When my daughter started preschool, the fathers of her friends stepped in to love her, too. So, my search for Mr. Right was not a desperate one.

As a mom, at last I was clear about my requirements, like being with a financially responsible family man who was also nurturing and addiction-free. Sure, a father figure would be nice in the long run, but that wasn't fueling my hunt.

Another major switch is your move from New York, where you lived in your early and mid-20s, to the Bay Area, where you're from, to be closer to your father and to be in more comfortable surroundings. Is it easier to be a single mom in Berkeley?

I love Berkeley. Aside from the high cost of living here, the Bay Area is the ideal place to be a single parent. In NYC, when I walked around with my beautiful coffee-skinned baby in my arms, strangers would stop me and ask, "Where is she from?" And, "Where did you adopt her?"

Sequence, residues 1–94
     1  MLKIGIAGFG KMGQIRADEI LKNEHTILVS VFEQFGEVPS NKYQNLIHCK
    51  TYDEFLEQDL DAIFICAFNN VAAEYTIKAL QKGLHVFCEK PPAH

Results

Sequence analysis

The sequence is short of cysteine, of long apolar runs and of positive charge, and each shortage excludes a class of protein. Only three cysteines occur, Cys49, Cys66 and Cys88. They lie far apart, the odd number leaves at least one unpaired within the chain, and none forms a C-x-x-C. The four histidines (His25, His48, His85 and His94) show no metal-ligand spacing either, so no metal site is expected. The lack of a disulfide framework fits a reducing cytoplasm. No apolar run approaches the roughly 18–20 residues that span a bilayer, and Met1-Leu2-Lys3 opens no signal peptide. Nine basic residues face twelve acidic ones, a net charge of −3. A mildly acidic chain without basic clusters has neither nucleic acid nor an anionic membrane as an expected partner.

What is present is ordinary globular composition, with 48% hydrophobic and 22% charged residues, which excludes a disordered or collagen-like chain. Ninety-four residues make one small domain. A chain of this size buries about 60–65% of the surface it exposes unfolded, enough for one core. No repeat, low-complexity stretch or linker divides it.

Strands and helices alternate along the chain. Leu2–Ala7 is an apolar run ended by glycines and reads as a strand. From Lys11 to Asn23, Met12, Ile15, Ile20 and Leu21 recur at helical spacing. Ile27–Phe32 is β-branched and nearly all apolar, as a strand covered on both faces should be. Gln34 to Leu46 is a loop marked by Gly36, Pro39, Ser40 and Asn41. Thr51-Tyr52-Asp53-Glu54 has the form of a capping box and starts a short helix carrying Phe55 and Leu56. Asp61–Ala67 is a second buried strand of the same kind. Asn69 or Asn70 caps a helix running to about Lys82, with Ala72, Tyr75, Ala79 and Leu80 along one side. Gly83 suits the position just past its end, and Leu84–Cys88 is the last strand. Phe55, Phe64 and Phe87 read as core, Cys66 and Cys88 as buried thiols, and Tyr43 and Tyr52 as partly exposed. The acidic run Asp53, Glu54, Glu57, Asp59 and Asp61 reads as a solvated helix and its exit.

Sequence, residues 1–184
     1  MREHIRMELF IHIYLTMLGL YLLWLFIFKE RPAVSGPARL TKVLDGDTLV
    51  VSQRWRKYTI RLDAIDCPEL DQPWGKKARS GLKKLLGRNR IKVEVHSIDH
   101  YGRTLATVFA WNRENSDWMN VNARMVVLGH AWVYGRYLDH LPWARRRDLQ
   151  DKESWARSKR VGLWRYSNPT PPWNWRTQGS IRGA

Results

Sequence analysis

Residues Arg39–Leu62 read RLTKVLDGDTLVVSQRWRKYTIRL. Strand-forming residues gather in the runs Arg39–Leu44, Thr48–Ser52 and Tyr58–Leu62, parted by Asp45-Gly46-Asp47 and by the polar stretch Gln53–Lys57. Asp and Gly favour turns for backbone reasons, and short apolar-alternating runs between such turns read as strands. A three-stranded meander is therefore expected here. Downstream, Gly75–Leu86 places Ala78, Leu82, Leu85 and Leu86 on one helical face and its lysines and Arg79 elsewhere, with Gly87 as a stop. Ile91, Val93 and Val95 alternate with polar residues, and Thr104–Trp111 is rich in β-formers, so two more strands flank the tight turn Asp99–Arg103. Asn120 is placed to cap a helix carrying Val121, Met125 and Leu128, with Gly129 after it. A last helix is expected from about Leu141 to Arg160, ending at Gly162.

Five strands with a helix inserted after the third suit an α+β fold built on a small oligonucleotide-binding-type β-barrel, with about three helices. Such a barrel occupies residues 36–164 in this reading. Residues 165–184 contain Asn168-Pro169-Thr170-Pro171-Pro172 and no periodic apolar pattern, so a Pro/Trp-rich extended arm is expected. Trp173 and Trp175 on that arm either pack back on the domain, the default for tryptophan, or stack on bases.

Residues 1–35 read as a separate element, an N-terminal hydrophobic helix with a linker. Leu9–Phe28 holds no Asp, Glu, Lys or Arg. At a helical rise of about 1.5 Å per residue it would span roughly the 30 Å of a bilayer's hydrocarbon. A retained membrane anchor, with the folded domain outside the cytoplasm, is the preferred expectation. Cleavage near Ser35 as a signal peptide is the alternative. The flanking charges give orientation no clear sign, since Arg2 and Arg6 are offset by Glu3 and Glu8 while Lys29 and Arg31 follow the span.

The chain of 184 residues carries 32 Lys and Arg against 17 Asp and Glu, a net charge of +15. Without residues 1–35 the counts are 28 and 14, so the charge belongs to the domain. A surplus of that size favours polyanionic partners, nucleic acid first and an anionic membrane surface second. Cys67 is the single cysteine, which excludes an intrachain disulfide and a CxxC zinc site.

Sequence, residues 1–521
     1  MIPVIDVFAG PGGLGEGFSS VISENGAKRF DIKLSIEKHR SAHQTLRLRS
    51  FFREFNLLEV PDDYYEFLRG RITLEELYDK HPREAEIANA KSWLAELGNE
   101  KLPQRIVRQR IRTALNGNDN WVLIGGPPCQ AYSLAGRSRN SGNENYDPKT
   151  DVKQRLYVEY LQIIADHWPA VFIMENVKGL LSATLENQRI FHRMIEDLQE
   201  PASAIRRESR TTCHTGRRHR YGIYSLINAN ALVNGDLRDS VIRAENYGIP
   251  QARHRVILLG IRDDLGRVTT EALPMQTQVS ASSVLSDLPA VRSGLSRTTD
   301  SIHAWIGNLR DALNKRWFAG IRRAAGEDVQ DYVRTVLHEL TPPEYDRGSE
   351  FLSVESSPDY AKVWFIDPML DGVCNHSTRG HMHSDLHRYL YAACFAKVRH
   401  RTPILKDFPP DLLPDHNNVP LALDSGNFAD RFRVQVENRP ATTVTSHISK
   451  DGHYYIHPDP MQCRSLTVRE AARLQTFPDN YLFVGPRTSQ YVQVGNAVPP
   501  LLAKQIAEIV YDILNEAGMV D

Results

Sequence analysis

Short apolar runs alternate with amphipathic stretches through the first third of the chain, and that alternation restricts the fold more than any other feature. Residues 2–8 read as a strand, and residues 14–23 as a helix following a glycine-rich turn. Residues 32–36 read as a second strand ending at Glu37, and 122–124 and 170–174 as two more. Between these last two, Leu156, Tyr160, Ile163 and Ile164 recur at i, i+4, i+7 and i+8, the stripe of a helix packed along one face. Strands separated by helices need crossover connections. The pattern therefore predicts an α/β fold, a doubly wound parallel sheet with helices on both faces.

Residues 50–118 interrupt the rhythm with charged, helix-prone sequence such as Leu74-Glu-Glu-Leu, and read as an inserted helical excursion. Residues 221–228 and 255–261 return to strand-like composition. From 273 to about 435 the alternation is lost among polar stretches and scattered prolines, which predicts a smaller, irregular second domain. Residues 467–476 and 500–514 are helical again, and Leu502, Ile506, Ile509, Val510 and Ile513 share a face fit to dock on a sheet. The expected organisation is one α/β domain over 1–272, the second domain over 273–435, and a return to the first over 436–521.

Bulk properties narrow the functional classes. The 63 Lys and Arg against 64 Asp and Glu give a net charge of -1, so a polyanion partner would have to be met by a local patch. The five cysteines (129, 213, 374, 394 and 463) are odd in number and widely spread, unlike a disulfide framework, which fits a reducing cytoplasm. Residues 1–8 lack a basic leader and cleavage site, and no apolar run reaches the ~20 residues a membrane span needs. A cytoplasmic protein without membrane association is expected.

I'd point to my belly and say, "She came from here."

No one in Berkeley makes such judgments.

You're half-Jewish, and you have your first date with a Jewish guy at age 32. Did being a mom make you more open to the idea of dating a Jewish guy? Did dating Jewish guys help debunk any myths you may have had about Jewish guys?

Jewish guys really do bring home the bacon! I think that Judaism does a good job of instilling values of family, loyalty, and responsibility. Those qualities are quite attractive when you're dating as a single mom.

Most Jewish-American guys, however, still feel like long lost cousins to me. I've always been drawn to men who are totally different from me. So, while I ended up with a nice Jewish man, he's still an Israeli kibbutznik.

You're starting a support group for other single parents in your area. How is that going, and why did you feel the need for one? You talk a lot in the book about the support of your two closest friends, so I'm also curious about how the support group discussions are similar and differ from the advice you get from those friends.